Ann: In the beginning, I drank no more than the people around me, other college freshmen, but one realization was almost immediately clear, it was more important to me.
Narrator: Ann, who is 63, fought a 15-year battle with alcohol that began in college. It had a devastating effect on her life.
Ann: At the end of 15 years, I was drinking a liter of vodka a day and by then had lost my first marriage, multiple jobs, the support of my family, and was about to lose the home where I lived.
Narrator: When she realized she had a problem, she tried to get help but frequently faltered.
Ann: I managed to stay sober for a year, and then almost inevitably drank again. And then another year and almost inevitably drank again.
Narrator: Dr. Mark Willenbring, an addiction psychiatrist, says that people with alcohol addiction often try to quit many times before they are successful.
Dr. Willenbring: For people with the more severe form of alcohol dependence, where they really do have life disruption, where it's really taking over their lives, quitting is often a lengthy process. And it involves stops and starts.
Ann: For me it was a process, not an "aha" moment.
Narrator: Getting help for alcohol addiction is especially difficult if you don't think you have a problem. When she was diagnosed with lung cancer at age 74, Ellen began drinking heavily, although she didn't realize it at first.
Ellen: I don't think I really was aware that alcohol was a problem, primarily because I was still functioning pretty well while consuming, as I say, about a liter a day.
Narrator: When she finally realized she had a problem, she enrolled in a rehab program, something many people seeking help for alcohol addiction turn to.
Dr. Willenbring: Rehab primarily consists of group counseling and referral to Alcoholics Anonymous. And most rehab now is provided on an outpatient basis, so it consists of several meetings a week for perhaps 4 to 6 weeks and then often followed by a weekly group for 3 months.
Narrator: Although she found quitting a struggle, rehab worked for Ellen.
Ellen: I managed to stop by sheer grit, I think. I would go to my meetings and I would try to go to an AA meeting especially on the days I didn't have my Suburban Hospital addiction treatment outpatient program.
Narrator: Although rehab and Alcoholics Anonymous helped Ellen recover and work for many people, this is not the only approach to recovery. Professional treatment is also available, and today that includes new medications and behavioral therapies.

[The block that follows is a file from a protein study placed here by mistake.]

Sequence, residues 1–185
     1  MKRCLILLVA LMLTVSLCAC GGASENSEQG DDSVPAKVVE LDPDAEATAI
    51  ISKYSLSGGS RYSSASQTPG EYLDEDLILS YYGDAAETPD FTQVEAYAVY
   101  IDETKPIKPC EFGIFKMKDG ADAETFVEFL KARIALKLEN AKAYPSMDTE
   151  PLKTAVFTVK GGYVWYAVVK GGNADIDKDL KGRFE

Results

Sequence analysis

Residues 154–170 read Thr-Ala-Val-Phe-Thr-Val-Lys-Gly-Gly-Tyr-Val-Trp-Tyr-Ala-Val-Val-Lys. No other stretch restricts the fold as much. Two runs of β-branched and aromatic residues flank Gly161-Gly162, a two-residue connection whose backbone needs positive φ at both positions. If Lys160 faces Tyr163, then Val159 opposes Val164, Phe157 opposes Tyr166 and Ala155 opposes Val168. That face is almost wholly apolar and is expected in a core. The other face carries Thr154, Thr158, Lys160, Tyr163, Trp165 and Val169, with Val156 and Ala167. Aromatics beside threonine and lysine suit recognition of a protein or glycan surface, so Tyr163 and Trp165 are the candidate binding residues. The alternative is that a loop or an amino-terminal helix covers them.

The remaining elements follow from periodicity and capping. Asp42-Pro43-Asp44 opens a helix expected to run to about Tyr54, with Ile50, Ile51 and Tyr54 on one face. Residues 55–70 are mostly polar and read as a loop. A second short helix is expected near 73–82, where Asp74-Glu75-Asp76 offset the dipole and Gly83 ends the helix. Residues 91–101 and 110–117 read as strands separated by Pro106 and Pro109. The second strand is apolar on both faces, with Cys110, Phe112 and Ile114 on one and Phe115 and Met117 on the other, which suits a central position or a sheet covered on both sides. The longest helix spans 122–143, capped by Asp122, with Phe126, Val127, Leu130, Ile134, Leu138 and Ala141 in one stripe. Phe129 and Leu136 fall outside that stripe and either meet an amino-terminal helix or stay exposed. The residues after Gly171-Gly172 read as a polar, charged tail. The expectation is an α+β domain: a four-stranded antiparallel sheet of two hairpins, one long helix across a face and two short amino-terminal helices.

Dr. Willenbring: One of the most important things for people to understand, especially older adults and especially people who are still in the functional stage of alcohol dependence, is that there are new treatments available, primarily medications but also new behavioral treatments. The most common behavioral treatment that we know is effective is cognitive behavior therapy, which is essentially teaching you skills for dealing with craving, relapse, relapse prevention, interpersonal communication and so forth.
Narrator: Alcohol addiction is a chronic illness that can be difficult to overcome. As with other chronic diseases, treatment needs to be ongoing.
Dr. Willenbring: A scientifically-based treatment of addiction involves chronic care management, that is, you treat people as long as they need treatment. So we need to be thinking in terms of years to decades of treatment or management, like we do with asthma, with high blood pressure, with heart disease, with arthritis.
Narrator: And with appropriate treatment most people suffering from alcohol addiction eventually recover.
Ann: Oh, I've been in recovery for 30 years now.
Ellen: I'm committed now to sobriety after 11 months of not drinking.
Dr. Willenbring: Twenty years after the onset of alcohol dependence, fewer than 10 percent of people are still dependent. So the good news is almost everybody eventually gets well.
Narrator: For more information on alcohol addiction and ways to address it, visit Rethinking Drinking, the website from the National Institute on Alcohol Abuse and Alcoholism. You can also order the easy-to-read booklet Older Adults and Alcohol: You Can Get Help from the website of the National Institute on Aging or by calling 1-800-222-2225.